Marathon Training – Week 2!

Ack, it’s Wednesday! … and I meant to write this on Sunday but somehow time is flying and there just isn’t enough of it. ‘Tis the season, right?!

Last week was a good week. During the chaos of what seems to be life for me (and everyone else!) these days, running and training for a marathon is helping me feel grounded and connected to my inner rhythm, organized in my brain and relaxed and healthy in my body. Truth be told, I see my “busy” as a blessing and know that I am lucky to have a life so full of “to dos,” … when I am overwhelmed I try to remind myself of that.

This time last year, my foot was hurting me so much and I was feeling lost as to what the heck was happening in my body. I decided to NOT train for Boston 2017 and ceased attempting to run a single step indefinitely – until my foot was healed (which, by the way, wasn’t until halfway through the year in April). I am thankful to be in a very different position now. 💗 Continue reading

Marathon Training – Week 1!

Last week was my first week of training for the Wrightsville Beach Marathon, which will take place on March 17, 2018! I decided that I would coach myself for this one, and am really just so thankful and excited to be doing so. It has been a long and often bumpy road to get to this point, taking twists and turns I never imagined (both in my running and in my life!), but all of it has been ultimately just what I needed to get myself to a better place – a healthier, stronger and HAPPIER place – especially the hardest parts of the journey. That’s just the way it goes, right? 😊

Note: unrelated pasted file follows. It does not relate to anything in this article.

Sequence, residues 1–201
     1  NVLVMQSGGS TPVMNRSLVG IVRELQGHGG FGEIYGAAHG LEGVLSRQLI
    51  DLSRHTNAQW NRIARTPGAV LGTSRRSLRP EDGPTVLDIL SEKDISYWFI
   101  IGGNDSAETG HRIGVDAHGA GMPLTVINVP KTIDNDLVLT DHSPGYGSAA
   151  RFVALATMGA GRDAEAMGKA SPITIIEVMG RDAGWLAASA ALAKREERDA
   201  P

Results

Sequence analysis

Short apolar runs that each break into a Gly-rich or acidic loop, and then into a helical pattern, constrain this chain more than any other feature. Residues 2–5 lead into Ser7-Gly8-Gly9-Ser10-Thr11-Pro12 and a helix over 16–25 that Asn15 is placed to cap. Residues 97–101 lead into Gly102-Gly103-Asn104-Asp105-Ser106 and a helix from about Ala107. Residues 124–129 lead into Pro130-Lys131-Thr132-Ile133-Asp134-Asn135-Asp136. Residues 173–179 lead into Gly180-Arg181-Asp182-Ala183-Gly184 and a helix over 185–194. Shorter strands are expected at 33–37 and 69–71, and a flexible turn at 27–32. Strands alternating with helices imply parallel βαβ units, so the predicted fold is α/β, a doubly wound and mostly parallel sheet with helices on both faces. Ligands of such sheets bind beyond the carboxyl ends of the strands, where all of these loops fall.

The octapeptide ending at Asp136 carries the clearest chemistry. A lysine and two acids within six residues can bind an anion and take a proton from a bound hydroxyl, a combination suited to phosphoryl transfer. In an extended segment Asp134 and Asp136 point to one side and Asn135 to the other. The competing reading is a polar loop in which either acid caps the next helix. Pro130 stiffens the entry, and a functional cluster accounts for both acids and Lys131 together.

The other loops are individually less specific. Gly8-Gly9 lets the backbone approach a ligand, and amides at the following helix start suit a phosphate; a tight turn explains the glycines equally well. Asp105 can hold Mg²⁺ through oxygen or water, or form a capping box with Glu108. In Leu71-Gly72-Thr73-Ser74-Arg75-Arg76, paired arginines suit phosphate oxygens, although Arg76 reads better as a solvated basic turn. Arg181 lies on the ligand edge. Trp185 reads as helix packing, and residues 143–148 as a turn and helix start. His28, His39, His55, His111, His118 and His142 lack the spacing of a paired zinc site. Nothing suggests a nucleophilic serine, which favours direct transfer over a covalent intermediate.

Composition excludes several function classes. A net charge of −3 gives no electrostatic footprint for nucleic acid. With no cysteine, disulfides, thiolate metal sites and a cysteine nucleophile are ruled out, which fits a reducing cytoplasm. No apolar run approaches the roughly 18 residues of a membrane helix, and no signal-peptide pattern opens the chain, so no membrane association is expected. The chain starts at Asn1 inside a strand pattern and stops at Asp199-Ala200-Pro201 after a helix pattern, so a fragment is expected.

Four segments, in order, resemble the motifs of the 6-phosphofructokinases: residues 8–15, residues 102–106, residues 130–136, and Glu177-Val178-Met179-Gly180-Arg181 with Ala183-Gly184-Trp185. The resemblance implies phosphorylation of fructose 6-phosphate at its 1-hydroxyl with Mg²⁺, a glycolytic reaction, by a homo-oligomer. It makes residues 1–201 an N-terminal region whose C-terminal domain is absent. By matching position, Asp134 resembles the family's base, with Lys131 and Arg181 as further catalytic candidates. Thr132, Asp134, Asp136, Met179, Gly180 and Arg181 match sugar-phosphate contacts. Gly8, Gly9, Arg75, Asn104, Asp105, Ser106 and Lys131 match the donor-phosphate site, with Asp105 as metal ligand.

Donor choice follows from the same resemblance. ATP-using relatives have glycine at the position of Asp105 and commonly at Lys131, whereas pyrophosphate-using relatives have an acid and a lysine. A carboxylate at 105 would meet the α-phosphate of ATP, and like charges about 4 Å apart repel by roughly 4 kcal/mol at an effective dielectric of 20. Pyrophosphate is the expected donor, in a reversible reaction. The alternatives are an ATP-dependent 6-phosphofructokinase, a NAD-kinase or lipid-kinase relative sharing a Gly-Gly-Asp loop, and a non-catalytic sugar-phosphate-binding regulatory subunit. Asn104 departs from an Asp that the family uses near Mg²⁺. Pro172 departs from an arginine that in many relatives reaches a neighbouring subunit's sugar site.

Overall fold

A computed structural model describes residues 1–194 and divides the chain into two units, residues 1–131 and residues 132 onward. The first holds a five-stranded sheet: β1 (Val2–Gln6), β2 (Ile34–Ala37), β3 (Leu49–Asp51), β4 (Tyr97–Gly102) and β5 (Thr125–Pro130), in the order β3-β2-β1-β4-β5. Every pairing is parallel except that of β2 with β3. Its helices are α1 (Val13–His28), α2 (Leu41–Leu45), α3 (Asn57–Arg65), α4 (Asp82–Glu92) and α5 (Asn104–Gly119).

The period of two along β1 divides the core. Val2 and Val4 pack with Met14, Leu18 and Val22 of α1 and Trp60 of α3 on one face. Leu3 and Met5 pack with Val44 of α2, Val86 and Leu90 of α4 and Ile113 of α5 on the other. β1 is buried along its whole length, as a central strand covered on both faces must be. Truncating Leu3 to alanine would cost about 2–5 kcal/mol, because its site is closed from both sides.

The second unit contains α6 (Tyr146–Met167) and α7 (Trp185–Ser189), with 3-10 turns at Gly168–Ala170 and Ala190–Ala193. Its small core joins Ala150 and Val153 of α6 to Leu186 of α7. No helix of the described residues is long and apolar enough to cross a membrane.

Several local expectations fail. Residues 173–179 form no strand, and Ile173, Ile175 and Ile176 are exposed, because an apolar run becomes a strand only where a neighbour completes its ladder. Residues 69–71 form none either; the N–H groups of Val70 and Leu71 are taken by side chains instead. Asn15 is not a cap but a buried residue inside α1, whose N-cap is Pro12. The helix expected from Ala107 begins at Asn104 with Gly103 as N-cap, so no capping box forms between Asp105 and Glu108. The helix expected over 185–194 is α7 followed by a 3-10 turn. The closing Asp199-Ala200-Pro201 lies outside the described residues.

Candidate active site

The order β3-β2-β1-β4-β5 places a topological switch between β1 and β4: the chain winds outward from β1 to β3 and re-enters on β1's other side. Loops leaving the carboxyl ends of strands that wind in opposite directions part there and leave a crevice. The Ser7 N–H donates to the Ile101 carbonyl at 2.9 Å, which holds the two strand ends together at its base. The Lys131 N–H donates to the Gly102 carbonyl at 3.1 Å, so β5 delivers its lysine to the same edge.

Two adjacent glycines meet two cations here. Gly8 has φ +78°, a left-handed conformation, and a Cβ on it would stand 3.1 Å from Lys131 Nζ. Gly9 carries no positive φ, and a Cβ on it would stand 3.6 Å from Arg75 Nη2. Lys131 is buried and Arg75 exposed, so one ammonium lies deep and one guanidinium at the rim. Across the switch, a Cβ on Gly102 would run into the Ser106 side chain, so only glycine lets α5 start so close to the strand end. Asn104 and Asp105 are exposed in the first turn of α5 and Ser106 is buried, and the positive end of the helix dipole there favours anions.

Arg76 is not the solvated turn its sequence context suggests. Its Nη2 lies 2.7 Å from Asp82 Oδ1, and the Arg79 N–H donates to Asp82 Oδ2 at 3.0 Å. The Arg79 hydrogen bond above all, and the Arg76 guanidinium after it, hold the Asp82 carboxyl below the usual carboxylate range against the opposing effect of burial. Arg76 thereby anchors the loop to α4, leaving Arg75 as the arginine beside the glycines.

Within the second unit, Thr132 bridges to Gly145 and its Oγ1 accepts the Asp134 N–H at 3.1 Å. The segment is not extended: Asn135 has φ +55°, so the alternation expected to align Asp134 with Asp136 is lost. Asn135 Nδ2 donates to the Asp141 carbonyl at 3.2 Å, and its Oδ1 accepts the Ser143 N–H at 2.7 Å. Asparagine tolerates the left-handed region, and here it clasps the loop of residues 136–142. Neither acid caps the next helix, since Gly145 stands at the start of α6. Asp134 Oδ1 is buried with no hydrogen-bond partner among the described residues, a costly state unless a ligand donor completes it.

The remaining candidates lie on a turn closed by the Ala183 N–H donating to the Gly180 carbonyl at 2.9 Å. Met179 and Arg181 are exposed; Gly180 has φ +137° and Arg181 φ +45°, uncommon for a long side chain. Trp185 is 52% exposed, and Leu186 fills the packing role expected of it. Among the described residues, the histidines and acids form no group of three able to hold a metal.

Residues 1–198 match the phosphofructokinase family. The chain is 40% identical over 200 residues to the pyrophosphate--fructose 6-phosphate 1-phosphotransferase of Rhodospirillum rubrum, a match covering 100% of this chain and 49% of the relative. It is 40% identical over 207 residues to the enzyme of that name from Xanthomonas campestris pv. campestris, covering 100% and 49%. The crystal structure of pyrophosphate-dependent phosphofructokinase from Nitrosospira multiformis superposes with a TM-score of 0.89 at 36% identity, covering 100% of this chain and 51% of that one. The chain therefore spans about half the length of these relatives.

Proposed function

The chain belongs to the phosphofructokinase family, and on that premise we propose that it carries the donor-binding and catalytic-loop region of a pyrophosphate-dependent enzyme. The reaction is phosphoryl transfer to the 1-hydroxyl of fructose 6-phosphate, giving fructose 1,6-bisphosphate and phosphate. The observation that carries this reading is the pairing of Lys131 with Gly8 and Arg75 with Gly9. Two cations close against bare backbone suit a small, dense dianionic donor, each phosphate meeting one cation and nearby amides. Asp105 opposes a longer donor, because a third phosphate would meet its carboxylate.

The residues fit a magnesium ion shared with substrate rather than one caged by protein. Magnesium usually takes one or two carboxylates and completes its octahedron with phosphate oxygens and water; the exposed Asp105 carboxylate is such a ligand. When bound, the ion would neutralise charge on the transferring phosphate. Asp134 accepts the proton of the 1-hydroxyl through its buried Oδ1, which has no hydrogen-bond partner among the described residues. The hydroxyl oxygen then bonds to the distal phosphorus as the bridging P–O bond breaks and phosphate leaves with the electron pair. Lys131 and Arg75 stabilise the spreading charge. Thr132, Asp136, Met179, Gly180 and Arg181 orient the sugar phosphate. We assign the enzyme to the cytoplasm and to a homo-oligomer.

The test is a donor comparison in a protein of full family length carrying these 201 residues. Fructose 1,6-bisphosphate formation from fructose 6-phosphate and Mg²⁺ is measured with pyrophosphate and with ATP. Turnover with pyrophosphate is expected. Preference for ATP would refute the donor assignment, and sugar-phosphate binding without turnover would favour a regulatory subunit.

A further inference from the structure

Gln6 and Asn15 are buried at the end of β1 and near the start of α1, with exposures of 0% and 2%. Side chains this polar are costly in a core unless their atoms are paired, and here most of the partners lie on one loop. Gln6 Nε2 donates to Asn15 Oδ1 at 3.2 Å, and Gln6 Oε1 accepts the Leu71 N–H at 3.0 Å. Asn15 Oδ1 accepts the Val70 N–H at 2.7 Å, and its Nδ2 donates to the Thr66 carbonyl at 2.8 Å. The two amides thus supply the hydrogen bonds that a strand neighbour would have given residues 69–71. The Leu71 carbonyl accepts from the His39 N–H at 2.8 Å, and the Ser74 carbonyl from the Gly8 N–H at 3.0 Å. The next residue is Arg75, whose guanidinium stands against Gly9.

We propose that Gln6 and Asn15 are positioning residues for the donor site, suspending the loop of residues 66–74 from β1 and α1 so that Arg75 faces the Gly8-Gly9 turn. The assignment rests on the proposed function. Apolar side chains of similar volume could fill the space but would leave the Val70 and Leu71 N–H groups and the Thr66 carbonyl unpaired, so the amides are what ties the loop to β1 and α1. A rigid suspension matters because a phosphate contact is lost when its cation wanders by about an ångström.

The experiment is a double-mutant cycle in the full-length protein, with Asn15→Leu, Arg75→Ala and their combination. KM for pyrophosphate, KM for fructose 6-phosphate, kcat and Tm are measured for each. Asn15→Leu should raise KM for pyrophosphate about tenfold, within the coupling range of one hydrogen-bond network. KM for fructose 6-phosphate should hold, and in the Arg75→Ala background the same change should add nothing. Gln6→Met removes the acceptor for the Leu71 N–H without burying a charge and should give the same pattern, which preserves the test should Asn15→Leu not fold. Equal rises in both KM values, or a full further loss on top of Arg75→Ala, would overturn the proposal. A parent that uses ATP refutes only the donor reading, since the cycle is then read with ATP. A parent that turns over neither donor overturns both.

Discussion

In March of this year, I had a Tenex procedure on my left foot to remove scarring from a partial tear to my plantar fascia that was the result of a cortisone shot I was given the previous October for some pesky plantar fasciitis, which came on the tail end of a pretty long and rough road of overtraining and adrenal health issues. When I finally got the green light to run again in early April, I decided to enlist the help of my good friend and running coach Mary to guide me on that phase of my journey. Not just to keep me healthy and injury-free, but also to be there as a pillar of support and encouragement. She was awesome and I loved working with her! We began with a run/walk program and gradually over time I was running more and walking less and eventually all-out running and training for a half marathon! In November I ran my half marathon and felt so strong and happy – it was truly amazing and everything I prayed it would be. At that point I decided that I was ready to coach myself again, to trust myself with my own training and fly solo towards my next dream. And here I am, training for what will be my 20th marathon this spring! Continue reading

Pilates for Runners